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What’s in a name?

Breanne Gilpatrick and Maria Puente USA Today

The ‘80s are back. The 1880s, that is.

The nation’s birth rate peaks in September, and many new parents will pick names for their newborns that were equally popular in the Victorian era. One-fourth of 2004’s top 20 names also were in the top 20 in 1880, according to the Social Security Administration’s baby name database, which records the names of Social Security card applicants born after 1879.

But it takes about four generations for the old to seem new again. “The women with the name die out, so the name is not connected to old women, it’s merely an old name,” says Stanley Lieberson, author of “A Matter of Taste: How Names, Fashions and Culture Change.”

Your mother’s name? That’s old. Your great-grandmother’s name? That’s vintage. This is why when Julia Roberts chose Hazel for her daughter, it sounded dated to people in their 40s. To twentysomethings, it was a variation of Hailey, and the name became cool all over again.

But it takes more than good timing. Some factors that determine a name’s popularity:

Traditional is a perennial favorite

Just like little black dresses and navy blue blazers, some names are classics. Mary, Katherine, Elizabeth, William and Joseph never go out of style: They’ve all been in the top 100 for more than a century.

What’s the key to staying power? A variety of nicknames, for versatility. It may say Elizabeth on her birth certificate, but a girl can go by Liz, Lizzie, Eliza, Lisa, Beth, Betsy, Bette or the hipper Ellie and Bethany.

Sounds like a good name

Sometimes a name just sounds right. In the ‘80s, everyone wanted names starting with “J” (Jessica, Jennifer, Jason, Justin, Jonathan). Lately, vowel sounds have been on parents’ lips: Half of 2004’s top 20 girl’s names start with vowels.

Vowel names like Ella, Eva and Ava for girls and Ethan, Emmett and Eli for boys are finding their way onto more birth certificates every year, says Pamela Redmond Satran, co-author of “Beyond Jennifer & Jason, Madison & Montana.”

Another popular sound for boys: names ending in “-aden,” as in Cayden. There were more than 30 variations of them in 2004.

So what are the next big sounds? Names starting with O, like the already popular Olivia and the steadily climbing Oscar, which ranked at 123 last year, Satran says.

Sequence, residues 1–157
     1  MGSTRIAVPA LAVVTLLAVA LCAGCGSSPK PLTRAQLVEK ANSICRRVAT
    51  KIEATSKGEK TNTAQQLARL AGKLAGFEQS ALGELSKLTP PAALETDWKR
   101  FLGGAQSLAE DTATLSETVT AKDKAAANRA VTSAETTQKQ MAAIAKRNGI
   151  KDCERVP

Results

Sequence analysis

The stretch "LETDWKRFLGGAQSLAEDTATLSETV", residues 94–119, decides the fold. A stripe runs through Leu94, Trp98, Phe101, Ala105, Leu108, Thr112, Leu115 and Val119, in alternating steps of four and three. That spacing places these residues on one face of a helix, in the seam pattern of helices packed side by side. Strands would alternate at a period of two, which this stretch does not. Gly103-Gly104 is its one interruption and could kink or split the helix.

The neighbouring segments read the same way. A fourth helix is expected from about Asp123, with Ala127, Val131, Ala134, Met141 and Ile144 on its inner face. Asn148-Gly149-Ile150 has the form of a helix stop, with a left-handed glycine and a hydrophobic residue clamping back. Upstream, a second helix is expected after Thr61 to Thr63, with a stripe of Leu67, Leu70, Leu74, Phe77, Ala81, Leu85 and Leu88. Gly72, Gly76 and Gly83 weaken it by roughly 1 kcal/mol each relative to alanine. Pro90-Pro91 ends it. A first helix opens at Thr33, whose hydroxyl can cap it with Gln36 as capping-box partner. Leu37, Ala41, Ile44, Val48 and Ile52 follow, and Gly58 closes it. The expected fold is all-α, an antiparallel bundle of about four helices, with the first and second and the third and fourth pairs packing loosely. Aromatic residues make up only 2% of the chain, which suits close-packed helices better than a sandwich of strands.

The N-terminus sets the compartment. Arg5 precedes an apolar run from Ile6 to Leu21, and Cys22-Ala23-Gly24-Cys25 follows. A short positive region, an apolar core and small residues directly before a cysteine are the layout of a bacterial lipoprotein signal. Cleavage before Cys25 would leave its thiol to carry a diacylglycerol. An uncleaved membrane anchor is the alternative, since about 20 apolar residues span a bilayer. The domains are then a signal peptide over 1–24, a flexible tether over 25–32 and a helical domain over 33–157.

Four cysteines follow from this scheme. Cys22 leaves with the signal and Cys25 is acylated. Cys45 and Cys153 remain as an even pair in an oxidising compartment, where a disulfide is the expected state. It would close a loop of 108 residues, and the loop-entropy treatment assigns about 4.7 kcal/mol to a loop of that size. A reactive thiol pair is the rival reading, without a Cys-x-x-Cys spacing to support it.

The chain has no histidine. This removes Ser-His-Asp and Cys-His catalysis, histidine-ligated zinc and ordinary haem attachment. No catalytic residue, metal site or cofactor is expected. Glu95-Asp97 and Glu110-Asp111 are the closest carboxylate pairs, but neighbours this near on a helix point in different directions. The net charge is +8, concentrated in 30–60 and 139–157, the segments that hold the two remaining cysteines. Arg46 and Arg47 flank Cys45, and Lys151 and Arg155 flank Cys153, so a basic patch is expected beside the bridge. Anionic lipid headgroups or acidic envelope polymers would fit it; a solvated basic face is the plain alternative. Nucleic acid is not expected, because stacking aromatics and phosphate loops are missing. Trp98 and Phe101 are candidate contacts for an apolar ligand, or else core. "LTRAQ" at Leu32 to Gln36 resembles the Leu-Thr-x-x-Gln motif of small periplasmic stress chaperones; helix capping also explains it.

And the long “I,” as in Isaac, says Cleveland Kent Evans, president of the American Name Society. “In another 10 years, we’ll see Ida.”

Some just like to be different

The days of multiple Ashleys and Susans are fading: Today’s parents want names that stand out.

In 1880, the top 20 boy’s names were given to more than half of all boys born. Today, it’s less than 20 percent. The top 20 girl’s names covered 14 percent of girls born in 2004, compared with 34 percent in 1880.

Reasons for this: smaller families and a modern emphasis on uniqueness.

“If you’re only going to have one or two kids, it kind of focuses your attention on finding the name that is ‘perfect,’ ” Evans says.

And this is the one time parents don’t want their child to fit in.

“They don’t want to have a child who’s in a kindergarten class with another child with the same name,” Evans says. “It’s almost like it’s a form of child abuse.”

When all else fails, go custom-made

In today’s name game, individuality is the mother of invention.

An unusual name or spelling isn’t enough for some parents. More are settling on names they’ve made up, playing with syllables, letters and sounds until they find a winner. Aidan gives birth to Zaden. Mariah is twisted into Zariah. Kyan, made famous by Kyan Douglas of “Queer Eye for the Straight Guy” is likely a tweak on Ryan, Evans says.

And more parents are creating “word names,” Satran says. That’s a name derived from an object, idea or place, such as Gwyneth Paltrow’s daughter, Apple. “People are looking for a color, a bird, a fish, a feeling that embodies something they care about.”

Most are too offbeat to make the top 1,000. One exception: Nevaeh, or “Heaven” spelled backward, which ranked at 103 last year. It’s a variation on such spiritual words as Destiny, Trinity and Miracle.

Flexibility has its own appeal

Call it equal-opportunity naming: It’s getting harder to tell which name belongs to which gender.

The trend toward unisex names escalated in the 1980s as parents who grew up with feminism began having children, Satran says. They gravitated toward names like Taylor, Addison, Morgan and Riley.

But though parents will adopt boy names for girls, it generally doesn’t work the other way around, Satran says. In most cases, the female version takes over, becoming far more popular than the male version ever was.

But the switch isn’t inevitable: Drew, Dylan and Ryan, though not unheard of, just haven’t taken off as girl’s names.

Other names have stayed popular for both genders – such as Jordan, which could be the result of celebrity influence. “Michael Jordan’s aura went a long way toward keeping the name masculine,” says Laura Wattenberg, author of “The Baby Name Wizard.”

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